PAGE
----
Born in 1952, Ursula Von Gierke was largely inspired by the 1970s. Conceptualism is often perceived as a response to Minimalism, and the dominant art movement of the 1970s, challenging the boundaries of art with its revolutionary features. The movements that succeeded were all representative of a strong desire to evolve and consolidate the art world, in response to the tensions of the previous decade. Process art branched out from Conceptualism, featuring some of its most essential aspects, but going further in creating mysterious and experimental artistic journeys, while Land Art brought creation to the outsides, initiating early ideas of environmentalism. In Germany, Expressive figure painting was given a second chance for the first time since the weakening of Abstract Expressionism almost twenty years ago, the genre reclaimed its distinction through the brushstrokes of Gerhard Richter, Anselm Kiefer and Georg Baselitz. The cosmopolitan and refined position that New York city held in the 1960s remained just as influential in the 1970s. With multiple global renowned artists gravitating the galleries and downtown scene, the city once again reinforced its reputation as the artistic heart of the era. The majority of the critically acclaimed artists from the 1960s, who had gained success and popularity, kept their status in the 1970s. Andy Warhol was a prominent figure of those two decades, and in the 1970s started to experiment with film and magazine publishing, thus engaging in a cross-cultural activity that no other visual artist OF his standard had previously undertaken. By doing so, he secured his status as a celebrity. Street art started to emerge as a true and accepted form of art towards the end of the 1970s. Jean-Michel Basquiat and Keith Haring were pioneers in demonstrating that their artworks could exist at the same time in art galleries and on city walls. Fuelled by graffiti art, street art from its earliest days showed that it could endure in a perpetual flux of self-transformation, endlessly shifting the limits of modern art, becoming a truly ground-breaking artistic genre. All over, numerous movements defined the 1970s. Amongst others, feminism and the innovative radical philosophies it entailed strongly influenced the visual culture. Photorealism, which had emerged in the 1960s, also gained critical and commercial success. The critical, leading artistic figures of New York city started to embrace painters and sculptors from Latin America. The Arte Povera movement, which appeared in Italy, received global acknowledgement in the 1970s, and leading figures such as Jannis Kounnelis, Mario Merz, and Michelangelo Pistoletto were critically acclaimed. The critically engaged Mono-Ha movement, comprised of Japanese and Korean artists, blossomed in Tokyo in the 1970s. Discarding traditional ideas of representation, the artists favoured a depiction of the world through an engagement with materials and an examination of their properties. The artworks would often consist of encounters between natural and industrial materials such as stone, glass, cotton, sponge, wood, oil and water, mostly left intact.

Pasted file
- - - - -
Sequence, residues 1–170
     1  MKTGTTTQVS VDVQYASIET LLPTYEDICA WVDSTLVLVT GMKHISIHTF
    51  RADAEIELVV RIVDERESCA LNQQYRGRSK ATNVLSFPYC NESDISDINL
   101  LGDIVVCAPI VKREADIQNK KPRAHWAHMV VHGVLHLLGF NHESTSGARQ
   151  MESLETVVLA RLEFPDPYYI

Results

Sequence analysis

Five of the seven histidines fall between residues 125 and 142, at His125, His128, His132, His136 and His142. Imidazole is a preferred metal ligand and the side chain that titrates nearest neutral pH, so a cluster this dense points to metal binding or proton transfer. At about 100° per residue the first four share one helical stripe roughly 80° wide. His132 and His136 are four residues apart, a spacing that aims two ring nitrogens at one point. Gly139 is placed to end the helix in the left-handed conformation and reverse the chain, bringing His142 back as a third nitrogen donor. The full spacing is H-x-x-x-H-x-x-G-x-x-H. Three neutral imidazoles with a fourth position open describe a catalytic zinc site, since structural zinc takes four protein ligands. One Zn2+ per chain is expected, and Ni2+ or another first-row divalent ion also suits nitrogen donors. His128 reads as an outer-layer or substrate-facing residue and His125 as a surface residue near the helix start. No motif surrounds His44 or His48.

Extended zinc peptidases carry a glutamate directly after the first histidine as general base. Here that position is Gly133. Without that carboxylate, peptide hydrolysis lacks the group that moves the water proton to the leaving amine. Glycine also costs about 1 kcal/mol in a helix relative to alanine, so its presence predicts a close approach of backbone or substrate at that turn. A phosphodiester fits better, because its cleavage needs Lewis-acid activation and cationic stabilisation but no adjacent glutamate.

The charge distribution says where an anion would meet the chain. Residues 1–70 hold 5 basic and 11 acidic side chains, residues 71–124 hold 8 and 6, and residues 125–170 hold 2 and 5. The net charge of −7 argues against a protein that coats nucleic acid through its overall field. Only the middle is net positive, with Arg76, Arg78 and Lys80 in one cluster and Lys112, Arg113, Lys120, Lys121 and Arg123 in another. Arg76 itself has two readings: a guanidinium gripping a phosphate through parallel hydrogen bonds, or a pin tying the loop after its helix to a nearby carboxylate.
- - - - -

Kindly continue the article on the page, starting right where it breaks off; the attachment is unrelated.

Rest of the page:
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Description